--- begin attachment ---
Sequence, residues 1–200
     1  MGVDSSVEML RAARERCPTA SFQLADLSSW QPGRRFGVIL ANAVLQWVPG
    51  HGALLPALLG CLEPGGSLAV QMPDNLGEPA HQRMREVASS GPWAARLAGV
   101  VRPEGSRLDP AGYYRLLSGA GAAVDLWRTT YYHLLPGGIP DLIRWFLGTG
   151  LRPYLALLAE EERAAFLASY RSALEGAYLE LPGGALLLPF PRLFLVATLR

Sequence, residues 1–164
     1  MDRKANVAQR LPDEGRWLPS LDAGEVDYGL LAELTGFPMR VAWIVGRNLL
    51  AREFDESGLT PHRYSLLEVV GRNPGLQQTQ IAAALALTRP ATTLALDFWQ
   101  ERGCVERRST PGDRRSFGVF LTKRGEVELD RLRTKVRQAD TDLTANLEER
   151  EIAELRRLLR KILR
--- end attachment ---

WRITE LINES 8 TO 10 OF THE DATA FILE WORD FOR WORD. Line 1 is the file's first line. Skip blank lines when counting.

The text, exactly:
    51  AREFDESGLT PHRYSLLEVV GRNPGLQQTQ IAAALALTRP ATTLALDFWQ
   101  ERGCVERRST PGDRRSFGVF LTKRGEVELD RLRTKVRQAD TDLTANLEER
   151  EIAELRRLLR KILR